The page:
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Beechcraft magnesium flying controls

Most early Debonair and conventional tail Bonanzas only had elevators with magnesium skin, although the earliest Debonair also had ailerons. If there is corrosion, these flying controls can be re skinned, although at some expense.

The V-tail Bonanza also uses magnesium for the ruddervators (only?), but these are less easy to repair if they suffer corrosion. As there many thousand V-tail Bonanzas still gracefully flying, and they seem to stand at a premium to their contemporary conventional tail siblings (but not the A36), what is the strategy for preserving or repairing these controls.

I’ve found a reasonably priced edition of Those incomparable Bonanzas in a second hand bookshop in Wales, and hopefully has a wealth of detail on construction and design, but it pre dates the magnesium flying control maintenance problem.

Oxford (EGTK)

RobertL18C wrote:

what is the strategy for preserving or repairing these controls.

There are about 3000 pages on this subject on Beechtalk. Currently Textron and ABS are seeking a solution but….

There is no immediate solution on the horizon, so take care of your ruddervator paint and protect the magnesium skins. They will have to last.

I renewed mines, both of them, in 2016 at a cost of 20k. I could say I am alright Jack, but that would be churlish.

This from the 19th October fromm Tom Turner, ABS..

As previously reported, they have the ability to do a very small number of skins using the metal preparation process required under Beech’s production authority. When those few skins are built we will be dependent on someone (Textron Aviation or otherwise) to certify a replacement.

As of the meeting I had with senior TxtAv a couple of weeks ago there are now five firms that have signed NDAs and received engineering data, the precursor to designing and certifying replacements. TxtAv says it with contract with a successful firm to supply parts through TxtAv, if that firms wishes such an arrangement.

SRS Aviation has obtained FAA approval to make some repairs that were previously unable to be done on ruddervators. This will eliminate some of the cases that would otherwise require ruddervator skin replacement.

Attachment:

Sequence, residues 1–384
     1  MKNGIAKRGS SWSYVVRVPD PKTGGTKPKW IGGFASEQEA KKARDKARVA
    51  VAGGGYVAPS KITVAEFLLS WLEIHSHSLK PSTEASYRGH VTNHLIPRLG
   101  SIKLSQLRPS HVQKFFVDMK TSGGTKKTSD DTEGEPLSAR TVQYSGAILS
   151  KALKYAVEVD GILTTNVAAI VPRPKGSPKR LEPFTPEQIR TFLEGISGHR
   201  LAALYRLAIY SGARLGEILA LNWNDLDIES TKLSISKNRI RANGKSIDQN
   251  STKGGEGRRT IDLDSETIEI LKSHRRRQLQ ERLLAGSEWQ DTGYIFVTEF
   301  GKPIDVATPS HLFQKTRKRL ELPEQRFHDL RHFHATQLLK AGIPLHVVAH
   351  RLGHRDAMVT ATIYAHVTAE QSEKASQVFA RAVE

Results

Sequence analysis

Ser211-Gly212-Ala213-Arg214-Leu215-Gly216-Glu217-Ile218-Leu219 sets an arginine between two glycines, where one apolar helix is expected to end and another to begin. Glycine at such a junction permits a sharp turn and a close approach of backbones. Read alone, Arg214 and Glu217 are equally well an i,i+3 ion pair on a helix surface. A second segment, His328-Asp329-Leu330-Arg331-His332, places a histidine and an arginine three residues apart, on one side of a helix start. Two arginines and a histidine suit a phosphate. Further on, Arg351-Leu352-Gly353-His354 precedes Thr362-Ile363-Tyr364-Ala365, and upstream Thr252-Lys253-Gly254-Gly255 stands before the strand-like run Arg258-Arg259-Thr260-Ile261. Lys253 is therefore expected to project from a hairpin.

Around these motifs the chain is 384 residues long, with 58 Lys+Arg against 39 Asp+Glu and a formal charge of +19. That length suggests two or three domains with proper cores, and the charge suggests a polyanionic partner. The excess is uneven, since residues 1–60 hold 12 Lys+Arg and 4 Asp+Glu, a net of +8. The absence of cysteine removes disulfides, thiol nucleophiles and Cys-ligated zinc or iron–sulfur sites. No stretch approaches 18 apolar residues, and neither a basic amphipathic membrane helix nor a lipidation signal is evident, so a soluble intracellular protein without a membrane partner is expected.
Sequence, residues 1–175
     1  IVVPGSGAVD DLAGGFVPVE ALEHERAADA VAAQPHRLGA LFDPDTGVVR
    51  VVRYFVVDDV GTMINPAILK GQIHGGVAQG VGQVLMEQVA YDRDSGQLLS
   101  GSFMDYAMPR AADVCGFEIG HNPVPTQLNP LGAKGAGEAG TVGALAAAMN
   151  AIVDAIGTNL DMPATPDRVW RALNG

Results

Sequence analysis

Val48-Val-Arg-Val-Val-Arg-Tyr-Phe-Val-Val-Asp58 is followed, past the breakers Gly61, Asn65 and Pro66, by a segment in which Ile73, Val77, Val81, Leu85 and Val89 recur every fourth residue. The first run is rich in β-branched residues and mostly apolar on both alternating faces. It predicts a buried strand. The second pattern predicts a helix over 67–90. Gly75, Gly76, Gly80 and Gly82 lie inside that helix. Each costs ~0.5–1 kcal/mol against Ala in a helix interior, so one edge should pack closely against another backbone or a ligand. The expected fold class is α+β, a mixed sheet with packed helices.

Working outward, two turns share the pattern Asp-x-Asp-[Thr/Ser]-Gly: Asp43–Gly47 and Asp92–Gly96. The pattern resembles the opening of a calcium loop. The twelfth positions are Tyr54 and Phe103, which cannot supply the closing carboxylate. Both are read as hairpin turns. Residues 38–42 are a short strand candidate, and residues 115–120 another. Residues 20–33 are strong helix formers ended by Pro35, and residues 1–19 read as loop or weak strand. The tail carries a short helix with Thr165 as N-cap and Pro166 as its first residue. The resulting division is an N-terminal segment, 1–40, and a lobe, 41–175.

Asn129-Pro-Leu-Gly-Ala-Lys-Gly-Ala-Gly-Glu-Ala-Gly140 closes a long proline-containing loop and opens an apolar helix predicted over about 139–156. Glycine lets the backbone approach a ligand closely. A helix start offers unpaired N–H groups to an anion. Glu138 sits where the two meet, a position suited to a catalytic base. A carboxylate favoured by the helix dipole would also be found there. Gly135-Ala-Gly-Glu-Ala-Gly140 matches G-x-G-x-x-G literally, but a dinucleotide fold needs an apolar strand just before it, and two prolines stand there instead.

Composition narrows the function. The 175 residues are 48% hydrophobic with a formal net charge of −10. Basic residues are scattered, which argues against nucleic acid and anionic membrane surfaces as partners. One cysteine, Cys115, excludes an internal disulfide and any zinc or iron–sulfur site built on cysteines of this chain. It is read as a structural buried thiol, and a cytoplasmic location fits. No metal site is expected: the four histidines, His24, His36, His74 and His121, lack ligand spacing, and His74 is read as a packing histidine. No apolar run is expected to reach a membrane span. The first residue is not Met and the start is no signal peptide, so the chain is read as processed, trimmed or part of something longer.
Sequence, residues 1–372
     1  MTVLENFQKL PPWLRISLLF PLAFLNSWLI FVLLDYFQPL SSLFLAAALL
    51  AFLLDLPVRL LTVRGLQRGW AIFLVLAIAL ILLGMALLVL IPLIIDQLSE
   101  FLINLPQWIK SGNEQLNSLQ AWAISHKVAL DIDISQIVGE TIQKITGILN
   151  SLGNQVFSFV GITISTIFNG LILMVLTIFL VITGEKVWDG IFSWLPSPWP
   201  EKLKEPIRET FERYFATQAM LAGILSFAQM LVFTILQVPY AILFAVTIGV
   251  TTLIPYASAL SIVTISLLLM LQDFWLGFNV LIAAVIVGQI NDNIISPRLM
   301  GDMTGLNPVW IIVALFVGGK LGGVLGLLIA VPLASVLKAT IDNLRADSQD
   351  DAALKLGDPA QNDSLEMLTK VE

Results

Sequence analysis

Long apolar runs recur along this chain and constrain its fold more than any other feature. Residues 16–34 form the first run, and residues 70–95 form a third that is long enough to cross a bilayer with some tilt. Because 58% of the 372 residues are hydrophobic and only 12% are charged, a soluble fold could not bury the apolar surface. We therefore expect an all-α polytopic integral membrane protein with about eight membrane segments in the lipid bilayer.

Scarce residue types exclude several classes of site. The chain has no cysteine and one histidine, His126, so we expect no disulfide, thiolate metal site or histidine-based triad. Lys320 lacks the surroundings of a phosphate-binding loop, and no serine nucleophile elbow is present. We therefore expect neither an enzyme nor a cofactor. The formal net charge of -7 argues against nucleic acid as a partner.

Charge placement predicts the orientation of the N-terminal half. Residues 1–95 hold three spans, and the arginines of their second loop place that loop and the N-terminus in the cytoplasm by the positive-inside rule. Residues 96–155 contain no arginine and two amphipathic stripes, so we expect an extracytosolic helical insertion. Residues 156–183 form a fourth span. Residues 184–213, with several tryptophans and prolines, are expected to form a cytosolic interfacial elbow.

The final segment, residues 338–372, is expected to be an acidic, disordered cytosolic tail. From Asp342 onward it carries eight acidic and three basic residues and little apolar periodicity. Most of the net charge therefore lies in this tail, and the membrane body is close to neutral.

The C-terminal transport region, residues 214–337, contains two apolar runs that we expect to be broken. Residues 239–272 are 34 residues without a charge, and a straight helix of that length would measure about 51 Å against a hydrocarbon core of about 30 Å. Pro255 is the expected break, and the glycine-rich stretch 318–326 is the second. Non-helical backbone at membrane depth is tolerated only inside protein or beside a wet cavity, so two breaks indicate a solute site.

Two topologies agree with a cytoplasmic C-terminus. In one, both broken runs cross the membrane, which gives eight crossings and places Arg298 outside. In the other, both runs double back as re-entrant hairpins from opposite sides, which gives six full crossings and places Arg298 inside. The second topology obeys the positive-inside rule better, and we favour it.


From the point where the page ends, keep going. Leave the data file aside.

Thomas P. Turner
Executive Director
ABS Air Safety Foundation

Now they will either become priceless assets, or no one will insure them. Time will tell.

Last Edited by BeechBaby at 20 Nov 20:11
Fly safe. I want this thing to land l...
EGPF Glasgow

@BeechBaby thank you, is there a reason why re skinning the elevators on a Debonair appears to be more straightforward?

When re skinning are they using aluminium?

Edit apparently there is an STC for this

Will google the ABS threads.

Last Edited by RobertL18C at 20 Nov 20:21
Oxford (EGTK)

The issue is the weight and trim set up, linked of course to the rigging. When setting the ruddervators there is a weight balance procedure noted in the Shop Manual that involves knife edge balance, and a counterweight housed in the tail section. To give you a flavour…..this from a thread in 2016 about the subject.

After you read the service manual and it specifies to use knife edges at $2000 don’t pull your hair out. They can be balanced by installing the mounting hardware and suspending the ruddervators with some safety wire wrapped around the mounting bolts and tying them to something from the celling. They must be level and then use some .041 wire hooked on the trailing edge and stretched over the top to the leading edge and hang a paper cup to fill with nuts and bolts until it balances, then weigh the paper cup. Wala! add or subtract weight until you are within the limits. The procedure is to solder some lead to the balance pad or cut some off. On several occasions I have set up a pair of step ladders and put a pipe across the top taped in place to hang the control surfaces. It works every bit as good as making a pair of knife edges to bolt to a work bench. Once I was balancing an elevator when a friend also an AI stopped in for a chat, he liked my suspension method and explained how he had used a pair of adjustable shelve supports to hang a control surface.

Now that was slightly tongue in cheek but the weight and balance weight is crucial and obviously performed by someone who knows how to do it. I am paranoid about my control surfaces and rigging pulleys. Many shops out there are clueless about this stuff.